“Wicked” problems are complex issues that are highly stubborn and difficult to solve.
This might be governmental like crime or immigration. Another example is global issues like poverty or climate change; business-level issues such as achieving sustainable growth or digital transformation.
Design thinking's innovative mindset enables us to develop sophisticated solutions for complex, or wicked problems.
Skip to the present and we can see tech giants such as Google, Apple and Samsung, retail goliaths such as Amazon, right through to travel titans like Airbnb all adopting the design thinking approach.
Design thinking methodologies are taught in leading universities worldwide, such as Harvard, MIT, and the University of Oxford, among others in the UK, Europe, the US, and Asia.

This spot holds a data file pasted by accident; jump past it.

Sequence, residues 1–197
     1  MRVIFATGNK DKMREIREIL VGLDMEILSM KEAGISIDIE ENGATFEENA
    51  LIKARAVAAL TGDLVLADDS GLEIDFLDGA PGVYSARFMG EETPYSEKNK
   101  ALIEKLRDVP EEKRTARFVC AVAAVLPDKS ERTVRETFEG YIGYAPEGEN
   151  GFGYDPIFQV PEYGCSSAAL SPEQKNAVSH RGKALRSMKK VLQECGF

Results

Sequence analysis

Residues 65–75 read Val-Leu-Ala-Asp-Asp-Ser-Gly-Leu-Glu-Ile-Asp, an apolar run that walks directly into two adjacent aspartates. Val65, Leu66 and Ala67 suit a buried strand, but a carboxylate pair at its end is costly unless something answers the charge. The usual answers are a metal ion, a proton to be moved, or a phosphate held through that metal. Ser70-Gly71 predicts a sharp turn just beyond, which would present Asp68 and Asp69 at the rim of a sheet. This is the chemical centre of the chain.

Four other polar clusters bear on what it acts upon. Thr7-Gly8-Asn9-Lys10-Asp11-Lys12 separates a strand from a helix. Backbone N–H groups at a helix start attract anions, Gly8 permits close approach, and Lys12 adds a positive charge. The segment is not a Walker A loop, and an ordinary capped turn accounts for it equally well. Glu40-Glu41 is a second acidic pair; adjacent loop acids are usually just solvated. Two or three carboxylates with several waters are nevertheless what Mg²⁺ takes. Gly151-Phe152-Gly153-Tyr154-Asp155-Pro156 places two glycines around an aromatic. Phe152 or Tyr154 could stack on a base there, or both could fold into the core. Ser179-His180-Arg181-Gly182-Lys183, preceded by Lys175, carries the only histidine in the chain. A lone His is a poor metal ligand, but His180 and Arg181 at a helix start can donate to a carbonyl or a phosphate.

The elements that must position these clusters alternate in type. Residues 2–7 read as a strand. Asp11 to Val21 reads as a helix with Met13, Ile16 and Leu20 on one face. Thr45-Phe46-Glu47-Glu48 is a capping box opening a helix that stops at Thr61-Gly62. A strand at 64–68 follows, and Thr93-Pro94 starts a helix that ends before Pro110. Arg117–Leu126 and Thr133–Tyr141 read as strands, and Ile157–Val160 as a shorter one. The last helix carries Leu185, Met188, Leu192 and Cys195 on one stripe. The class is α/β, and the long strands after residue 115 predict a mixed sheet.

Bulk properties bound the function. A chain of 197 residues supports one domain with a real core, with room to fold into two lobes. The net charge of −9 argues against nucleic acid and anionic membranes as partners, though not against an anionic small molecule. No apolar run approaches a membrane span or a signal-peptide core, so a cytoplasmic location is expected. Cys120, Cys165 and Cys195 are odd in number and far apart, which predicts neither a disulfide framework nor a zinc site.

Design thinking is well and truly everywhere.
What are the Key Principles of Design Thinking?
Design thinking is a methodical process but supporting this is a set of guiding principles that drive it. Here are the 5 key principles for design thinking:
User-centricity and empathy
This is the leading principle that design thinking revolves around.
User-centricity and empathy refer to how companies find solutions based on human needs and through user feedback.
Empathy towards users means understanding their unique challenges, desires, and needs on a human level.
To put this another way, you want to treat the cause, not the symptom.
As an example, let’s say you want to increase the download rate of a newly launched app. By prioritising a user-centered customer experience that addresses their needs and pain points, you'll naturally increase downloads as a result of showing empathy towards users.